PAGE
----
The Sensory-Cognition Interface
The sensory-cognition interface tends to consider different kinds of experimental deprivation and how they relate to cognitive development. In multisensory processing, most submissions are based on whether the absence of one sensory modality affects the processing that occurs in another (Dye & Pascalis, 2017). It was observed that on the peripheral visual field, perceptual changes could be induced by deafness or sign language. For instance, it is confirmed that deaf singers can perform better in comparison to hearing and non-hearing singers in a forced choice task. This experiment proves that in peripherally presented stimuli, sign language acquisition alone does not determine or change the peripheral vision when compared to deafness.
According to various researches that have been carried out at auditory spatial localization, cognition in both children and adults in institutions with blind or low vision were more susceptible to visual experience in their learning capacities (Bogdashina, 2016). This is as a result of the development of domain-general spatial cognition, in which, early visual experience plays a profound role. Individuals with early blind, but not late blind, often experience difficulties in identifying the auditory motion paths. As such, if they succeed in any possible way, their ability to reproduce shapes in their locomotion will be limited.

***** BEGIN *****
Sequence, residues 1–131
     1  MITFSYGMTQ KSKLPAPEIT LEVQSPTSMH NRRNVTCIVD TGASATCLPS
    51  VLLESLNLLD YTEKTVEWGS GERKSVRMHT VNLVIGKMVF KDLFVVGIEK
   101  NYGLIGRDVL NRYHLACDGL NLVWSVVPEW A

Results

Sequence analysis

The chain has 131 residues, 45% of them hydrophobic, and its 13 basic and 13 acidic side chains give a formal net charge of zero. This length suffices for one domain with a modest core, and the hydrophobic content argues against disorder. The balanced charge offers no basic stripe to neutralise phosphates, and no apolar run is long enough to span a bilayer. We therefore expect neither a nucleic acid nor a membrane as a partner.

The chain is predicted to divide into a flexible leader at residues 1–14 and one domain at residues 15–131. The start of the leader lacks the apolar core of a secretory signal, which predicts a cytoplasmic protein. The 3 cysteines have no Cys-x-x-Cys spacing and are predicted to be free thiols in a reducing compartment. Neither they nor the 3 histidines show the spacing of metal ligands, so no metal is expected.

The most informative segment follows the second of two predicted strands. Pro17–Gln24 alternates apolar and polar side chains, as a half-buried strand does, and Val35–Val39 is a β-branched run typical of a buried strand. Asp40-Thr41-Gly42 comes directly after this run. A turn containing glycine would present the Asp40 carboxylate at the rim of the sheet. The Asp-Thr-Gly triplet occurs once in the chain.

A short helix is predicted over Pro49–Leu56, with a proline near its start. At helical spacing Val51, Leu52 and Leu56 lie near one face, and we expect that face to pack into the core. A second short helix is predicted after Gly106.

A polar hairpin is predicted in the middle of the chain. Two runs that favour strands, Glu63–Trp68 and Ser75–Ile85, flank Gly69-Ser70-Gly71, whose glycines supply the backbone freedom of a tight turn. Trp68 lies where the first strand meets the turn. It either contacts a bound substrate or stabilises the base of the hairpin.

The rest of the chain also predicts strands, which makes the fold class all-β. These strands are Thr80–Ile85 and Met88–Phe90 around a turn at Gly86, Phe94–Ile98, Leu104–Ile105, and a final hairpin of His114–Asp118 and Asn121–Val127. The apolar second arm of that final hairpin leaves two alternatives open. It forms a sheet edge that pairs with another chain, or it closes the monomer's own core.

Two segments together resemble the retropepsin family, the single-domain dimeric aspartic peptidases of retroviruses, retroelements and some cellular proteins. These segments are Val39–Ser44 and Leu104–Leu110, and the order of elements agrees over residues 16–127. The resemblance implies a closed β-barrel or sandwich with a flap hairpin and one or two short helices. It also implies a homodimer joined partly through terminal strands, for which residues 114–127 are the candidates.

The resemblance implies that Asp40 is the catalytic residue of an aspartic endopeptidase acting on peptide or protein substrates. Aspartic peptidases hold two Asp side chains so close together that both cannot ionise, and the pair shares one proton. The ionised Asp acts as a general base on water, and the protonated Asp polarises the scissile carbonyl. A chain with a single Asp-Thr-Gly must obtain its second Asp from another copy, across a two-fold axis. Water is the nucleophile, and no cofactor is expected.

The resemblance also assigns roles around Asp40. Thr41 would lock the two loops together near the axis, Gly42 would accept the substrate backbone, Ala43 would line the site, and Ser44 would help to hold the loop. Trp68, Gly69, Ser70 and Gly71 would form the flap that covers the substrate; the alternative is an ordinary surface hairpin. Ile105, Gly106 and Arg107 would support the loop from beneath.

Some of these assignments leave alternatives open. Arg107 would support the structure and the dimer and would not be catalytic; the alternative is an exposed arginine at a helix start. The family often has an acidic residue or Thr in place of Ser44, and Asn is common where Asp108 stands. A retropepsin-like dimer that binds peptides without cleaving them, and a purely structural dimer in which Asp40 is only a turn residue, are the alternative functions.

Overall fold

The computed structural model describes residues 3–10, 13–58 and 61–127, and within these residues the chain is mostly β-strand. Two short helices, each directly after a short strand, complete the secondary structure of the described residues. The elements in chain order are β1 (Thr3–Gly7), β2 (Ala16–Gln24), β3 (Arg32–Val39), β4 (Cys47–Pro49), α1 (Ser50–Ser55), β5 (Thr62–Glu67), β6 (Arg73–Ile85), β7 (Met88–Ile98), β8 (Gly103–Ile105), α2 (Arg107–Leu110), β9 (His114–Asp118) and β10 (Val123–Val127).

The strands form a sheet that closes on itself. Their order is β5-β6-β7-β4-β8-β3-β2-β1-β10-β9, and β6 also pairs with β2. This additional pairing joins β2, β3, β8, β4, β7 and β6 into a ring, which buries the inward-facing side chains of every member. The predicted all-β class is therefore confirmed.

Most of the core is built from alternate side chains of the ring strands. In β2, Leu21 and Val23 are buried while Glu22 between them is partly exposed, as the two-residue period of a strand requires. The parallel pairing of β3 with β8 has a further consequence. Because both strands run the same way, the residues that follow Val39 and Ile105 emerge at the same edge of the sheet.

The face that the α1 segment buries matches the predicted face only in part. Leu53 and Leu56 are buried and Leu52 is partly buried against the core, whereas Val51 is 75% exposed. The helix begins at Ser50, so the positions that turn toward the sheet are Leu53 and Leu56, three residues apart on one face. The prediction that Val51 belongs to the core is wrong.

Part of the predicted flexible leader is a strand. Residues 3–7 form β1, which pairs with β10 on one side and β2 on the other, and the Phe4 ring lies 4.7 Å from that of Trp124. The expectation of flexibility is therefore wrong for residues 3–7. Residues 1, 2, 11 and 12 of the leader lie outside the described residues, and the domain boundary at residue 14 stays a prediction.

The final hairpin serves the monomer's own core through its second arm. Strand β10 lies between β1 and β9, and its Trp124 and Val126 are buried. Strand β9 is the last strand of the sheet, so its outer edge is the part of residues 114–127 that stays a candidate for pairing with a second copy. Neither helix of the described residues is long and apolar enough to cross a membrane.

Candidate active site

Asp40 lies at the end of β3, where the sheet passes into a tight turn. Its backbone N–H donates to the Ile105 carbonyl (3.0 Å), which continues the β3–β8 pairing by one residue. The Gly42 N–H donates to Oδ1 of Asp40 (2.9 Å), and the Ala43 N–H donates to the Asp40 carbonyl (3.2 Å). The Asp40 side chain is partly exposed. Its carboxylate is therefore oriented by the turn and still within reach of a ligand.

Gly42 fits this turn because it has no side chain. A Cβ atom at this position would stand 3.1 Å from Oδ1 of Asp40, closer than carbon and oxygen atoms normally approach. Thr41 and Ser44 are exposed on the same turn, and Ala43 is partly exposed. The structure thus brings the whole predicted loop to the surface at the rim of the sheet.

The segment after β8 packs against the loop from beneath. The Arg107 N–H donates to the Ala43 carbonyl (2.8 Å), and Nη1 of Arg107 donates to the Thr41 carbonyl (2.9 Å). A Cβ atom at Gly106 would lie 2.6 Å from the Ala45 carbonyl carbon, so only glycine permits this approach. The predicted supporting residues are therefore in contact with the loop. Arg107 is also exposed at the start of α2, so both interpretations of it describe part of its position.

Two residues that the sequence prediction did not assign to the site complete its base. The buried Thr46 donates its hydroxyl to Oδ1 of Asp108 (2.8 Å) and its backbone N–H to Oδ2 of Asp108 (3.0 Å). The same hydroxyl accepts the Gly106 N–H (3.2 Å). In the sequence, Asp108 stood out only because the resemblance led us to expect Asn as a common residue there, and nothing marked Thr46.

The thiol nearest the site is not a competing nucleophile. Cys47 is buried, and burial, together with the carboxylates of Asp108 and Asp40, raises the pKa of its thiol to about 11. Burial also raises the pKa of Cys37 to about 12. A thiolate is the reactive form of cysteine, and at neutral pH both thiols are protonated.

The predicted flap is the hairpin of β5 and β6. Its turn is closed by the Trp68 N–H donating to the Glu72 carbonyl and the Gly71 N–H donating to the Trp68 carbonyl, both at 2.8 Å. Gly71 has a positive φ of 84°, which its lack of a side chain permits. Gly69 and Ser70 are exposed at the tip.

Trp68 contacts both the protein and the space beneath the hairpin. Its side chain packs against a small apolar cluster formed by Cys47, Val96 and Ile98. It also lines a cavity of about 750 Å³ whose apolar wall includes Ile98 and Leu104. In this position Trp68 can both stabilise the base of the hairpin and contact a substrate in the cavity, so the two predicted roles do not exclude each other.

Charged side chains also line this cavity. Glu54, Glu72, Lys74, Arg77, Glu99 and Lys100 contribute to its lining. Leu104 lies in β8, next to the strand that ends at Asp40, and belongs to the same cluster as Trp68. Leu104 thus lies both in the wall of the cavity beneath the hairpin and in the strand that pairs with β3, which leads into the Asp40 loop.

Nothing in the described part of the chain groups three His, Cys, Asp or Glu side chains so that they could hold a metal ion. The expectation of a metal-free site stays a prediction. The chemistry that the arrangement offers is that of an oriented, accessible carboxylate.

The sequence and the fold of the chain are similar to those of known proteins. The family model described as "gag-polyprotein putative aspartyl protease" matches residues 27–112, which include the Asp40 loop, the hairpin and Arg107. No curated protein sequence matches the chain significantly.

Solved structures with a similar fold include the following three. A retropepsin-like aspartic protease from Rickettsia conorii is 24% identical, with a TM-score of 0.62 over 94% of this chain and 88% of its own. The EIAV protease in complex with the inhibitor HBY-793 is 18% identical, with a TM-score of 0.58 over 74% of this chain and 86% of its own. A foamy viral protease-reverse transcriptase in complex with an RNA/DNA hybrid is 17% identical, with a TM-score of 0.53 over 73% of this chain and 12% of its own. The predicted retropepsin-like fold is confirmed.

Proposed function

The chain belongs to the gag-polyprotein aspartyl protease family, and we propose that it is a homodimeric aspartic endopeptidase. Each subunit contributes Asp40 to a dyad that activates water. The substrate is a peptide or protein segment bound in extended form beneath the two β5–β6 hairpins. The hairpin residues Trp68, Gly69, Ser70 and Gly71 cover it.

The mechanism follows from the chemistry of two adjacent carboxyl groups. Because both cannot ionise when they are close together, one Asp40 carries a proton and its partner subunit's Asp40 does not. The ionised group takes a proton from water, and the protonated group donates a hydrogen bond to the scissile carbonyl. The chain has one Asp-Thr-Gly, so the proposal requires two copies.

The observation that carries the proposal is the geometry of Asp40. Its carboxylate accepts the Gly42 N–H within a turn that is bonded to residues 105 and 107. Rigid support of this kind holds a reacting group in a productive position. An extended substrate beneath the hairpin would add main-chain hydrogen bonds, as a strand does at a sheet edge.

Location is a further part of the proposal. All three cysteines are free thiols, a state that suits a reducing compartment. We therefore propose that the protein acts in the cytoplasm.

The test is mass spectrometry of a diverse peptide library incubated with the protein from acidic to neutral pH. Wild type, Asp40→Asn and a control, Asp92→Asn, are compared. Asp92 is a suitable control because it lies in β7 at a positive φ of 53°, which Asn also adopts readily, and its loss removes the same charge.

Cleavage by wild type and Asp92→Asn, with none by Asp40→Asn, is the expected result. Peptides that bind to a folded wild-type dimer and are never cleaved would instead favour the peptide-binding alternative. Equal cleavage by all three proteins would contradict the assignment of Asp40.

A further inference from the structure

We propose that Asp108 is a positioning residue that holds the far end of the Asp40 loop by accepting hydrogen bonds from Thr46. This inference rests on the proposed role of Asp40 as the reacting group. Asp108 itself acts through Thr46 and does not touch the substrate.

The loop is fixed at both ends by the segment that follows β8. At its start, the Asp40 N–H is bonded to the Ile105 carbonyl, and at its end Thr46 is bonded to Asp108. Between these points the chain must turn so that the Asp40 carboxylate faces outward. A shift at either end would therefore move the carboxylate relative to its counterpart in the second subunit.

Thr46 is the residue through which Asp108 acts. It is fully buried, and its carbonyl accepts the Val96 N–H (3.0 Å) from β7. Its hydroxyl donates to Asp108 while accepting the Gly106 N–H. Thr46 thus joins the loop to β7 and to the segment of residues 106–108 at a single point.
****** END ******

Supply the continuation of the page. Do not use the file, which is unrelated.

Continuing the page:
Most deafblind individuals experience some form of residual vision or hearing. In most cases, the narrow-angle of vision is considered as an important sense since it can be used for manual communication. The remaining audition may slightly be facilitated through identity and localization mechanisms (Ostry & Gribble, 2016). Furthermore, echolocation may also be used to enhance a narrow frequency range in hearing even if the range is not applicable to speech communication. Also, the kinesthetic and tactile senses may play a profound role in the effective movement. Spatial memory representations tend to support theses senses enabling individuals to walk through areas which may be familiar.